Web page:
John H
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Old 04-06-2012, 07:16 PM   #18
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I received mine yesterday. Very easy install. I haven't towed with it yet . I'll let you know after I do.
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Old 04-10-2012, 12:34 AM   #19
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Just got back from a two week outing with the new DL installed (2001, V-10 Ford Excursion 4x4) and ready for action...

We made a 400 mile 'loop' from the flat north-central area of Calif - West through the SF Bay area and over the hills to the coast - South along the coast to the Santa Cruz/Monterey Bay area - East up into the Santa Cruz mountains, down the steep two-lane Hwy-17 to San Jose, and back home to the 'flat lands'...

We got a full selection of roads - freeway/interstate; two-lane winding roadway; wet surfaces; dry roadways; heavy traffic and some beloved open roads on coast Hwy-1...!

After initial break in of the new brake shoes, I reduced the hi-speed setting of the DL to 16, and the low-speed setting to -3 for normal dry roads - I set the low-speed to -5 for some low speed wet road running...

I'm quite happy with the DL's ease of adjusting on the 'fly' for the Hi & Low speed settings - just push a button w/o going to any kind of 'menu' format to change the braking effort - GREAT!

I think the DL allows you to get the most effort in a usable format from your electric brakes...The added performance of disc brakes will benefit from the additional of a DL unit for maximum braking effort on long down hill runs...As mentioned above, the DL will 'detect' the hyd/disc system for ease of control, right out of the box...

I'd venture to say that the heavier the trailer, the more you're going to enjoy the use/function of the DirecLink unit...Still looking in the mailbox for my endorsement 'check' for all the good words about the DL...I guess they've misplaced my address...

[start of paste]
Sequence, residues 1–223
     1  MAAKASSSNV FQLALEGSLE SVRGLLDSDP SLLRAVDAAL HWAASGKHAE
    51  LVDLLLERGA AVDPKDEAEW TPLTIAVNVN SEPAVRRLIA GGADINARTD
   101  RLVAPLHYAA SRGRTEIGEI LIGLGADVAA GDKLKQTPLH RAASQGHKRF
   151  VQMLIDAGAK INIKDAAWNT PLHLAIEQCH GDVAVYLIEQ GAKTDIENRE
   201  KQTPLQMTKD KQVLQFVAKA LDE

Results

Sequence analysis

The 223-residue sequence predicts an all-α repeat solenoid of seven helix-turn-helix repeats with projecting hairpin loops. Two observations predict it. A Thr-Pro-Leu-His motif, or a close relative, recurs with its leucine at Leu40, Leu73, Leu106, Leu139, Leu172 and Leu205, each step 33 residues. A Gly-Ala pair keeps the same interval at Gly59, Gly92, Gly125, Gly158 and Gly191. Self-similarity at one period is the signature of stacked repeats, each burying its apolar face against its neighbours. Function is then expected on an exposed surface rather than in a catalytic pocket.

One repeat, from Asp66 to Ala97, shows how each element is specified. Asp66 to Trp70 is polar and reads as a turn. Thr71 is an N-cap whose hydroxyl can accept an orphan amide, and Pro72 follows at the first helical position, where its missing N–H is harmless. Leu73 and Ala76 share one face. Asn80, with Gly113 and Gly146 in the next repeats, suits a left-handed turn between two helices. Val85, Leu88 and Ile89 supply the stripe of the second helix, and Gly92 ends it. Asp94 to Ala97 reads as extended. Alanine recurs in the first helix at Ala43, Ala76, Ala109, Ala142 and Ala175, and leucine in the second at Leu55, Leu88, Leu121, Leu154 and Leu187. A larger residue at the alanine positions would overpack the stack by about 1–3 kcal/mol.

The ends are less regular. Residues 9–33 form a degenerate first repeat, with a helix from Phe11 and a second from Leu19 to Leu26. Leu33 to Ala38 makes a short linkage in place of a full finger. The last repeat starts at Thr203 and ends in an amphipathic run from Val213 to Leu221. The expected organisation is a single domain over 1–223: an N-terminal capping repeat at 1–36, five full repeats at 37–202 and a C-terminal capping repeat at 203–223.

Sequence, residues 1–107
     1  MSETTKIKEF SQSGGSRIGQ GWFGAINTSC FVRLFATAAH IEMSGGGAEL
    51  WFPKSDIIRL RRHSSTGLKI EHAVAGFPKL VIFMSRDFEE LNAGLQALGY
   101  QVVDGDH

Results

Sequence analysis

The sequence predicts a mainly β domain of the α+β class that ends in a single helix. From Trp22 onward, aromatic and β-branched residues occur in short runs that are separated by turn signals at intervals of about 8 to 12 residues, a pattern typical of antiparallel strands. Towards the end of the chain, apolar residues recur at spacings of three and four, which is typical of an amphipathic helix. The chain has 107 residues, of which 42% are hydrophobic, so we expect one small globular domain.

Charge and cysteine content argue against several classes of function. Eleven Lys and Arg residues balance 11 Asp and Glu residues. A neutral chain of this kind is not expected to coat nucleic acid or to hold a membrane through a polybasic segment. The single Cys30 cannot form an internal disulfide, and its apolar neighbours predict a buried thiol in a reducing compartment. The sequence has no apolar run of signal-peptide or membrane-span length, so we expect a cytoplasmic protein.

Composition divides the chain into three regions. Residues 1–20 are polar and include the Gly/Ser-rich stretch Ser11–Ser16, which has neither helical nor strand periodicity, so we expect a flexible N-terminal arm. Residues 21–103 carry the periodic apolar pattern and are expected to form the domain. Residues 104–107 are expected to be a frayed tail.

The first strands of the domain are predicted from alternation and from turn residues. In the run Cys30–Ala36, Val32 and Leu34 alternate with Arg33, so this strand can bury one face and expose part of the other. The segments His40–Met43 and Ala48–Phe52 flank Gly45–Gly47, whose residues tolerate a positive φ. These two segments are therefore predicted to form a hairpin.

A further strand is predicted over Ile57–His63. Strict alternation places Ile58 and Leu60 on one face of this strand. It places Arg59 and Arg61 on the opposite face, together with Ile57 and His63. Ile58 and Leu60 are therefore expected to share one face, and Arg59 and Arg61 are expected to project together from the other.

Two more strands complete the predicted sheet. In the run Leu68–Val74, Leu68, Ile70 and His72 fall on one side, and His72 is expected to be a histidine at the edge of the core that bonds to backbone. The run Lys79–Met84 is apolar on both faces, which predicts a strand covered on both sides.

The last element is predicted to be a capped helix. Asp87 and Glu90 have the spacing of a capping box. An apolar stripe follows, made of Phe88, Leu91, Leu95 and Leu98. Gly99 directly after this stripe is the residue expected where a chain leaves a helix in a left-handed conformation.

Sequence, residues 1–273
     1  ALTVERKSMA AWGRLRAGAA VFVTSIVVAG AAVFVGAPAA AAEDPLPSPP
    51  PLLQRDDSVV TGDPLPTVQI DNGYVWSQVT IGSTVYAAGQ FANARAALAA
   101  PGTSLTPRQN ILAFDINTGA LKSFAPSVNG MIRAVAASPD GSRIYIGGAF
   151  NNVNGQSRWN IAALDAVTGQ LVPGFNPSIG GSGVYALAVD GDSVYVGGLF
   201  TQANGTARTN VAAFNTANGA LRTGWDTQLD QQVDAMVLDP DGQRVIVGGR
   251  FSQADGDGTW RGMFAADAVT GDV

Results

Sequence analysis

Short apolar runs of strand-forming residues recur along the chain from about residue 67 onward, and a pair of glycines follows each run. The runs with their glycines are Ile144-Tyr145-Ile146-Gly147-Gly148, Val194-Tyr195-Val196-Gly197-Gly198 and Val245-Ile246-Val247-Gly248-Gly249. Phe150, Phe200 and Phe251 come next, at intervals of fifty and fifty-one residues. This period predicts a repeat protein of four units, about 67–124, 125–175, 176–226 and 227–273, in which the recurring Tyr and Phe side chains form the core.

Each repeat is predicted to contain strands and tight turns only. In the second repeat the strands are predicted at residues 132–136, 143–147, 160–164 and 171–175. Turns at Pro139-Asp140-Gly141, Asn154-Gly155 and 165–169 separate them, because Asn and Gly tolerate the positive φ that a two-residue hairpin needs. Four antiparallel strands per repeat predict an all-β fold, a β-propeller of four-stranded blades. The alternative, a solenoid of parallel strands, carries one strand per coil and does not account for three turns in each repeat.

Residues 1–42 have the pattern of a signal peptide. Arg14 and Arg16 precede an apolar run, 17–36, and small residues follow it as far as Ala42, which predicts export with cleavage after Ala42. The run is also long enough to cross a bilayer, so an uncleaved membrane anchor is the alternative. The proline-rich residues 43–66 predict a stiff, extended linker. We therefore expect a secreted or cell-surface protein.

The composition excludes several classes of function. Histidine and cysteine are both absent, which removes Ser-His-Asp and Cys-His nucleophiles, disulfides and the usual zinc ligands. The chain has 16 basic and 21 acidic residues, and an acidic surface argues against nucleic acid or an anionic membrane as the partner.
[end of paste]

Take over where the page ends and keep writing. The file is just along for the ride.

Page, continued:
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Old 04-10-2012, 05:09 AM   #20
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With all the good feedback, I am putting this brake controller on my Airstream Wish list after I install new axles with disc brakes on my 66 Tradewind.

Dan
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Old 04-10-2012, 07:16 AM   #21
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Thanks, Ray.
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Old 05-01-2012, 04:31 PM   #22
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@johnhh: Brake controllers like the P3 all pretty much work the same way. When you push the brake pedal they do a short "time based braking" where they send some blue wire pulses to cause some initial decel, then the accelerometer in the brake controller monitors decel and applies blue wire pulses accordingly. In effect, you need deceleration sufficient to be sensed by the accelerometer to work, and thus the leveling and all that garbage. The DirecLink uses vehicle data and pretty much knows how much to brake before you even press the brake pedal. I can't disclose details but there are definite reasons for the improved braking.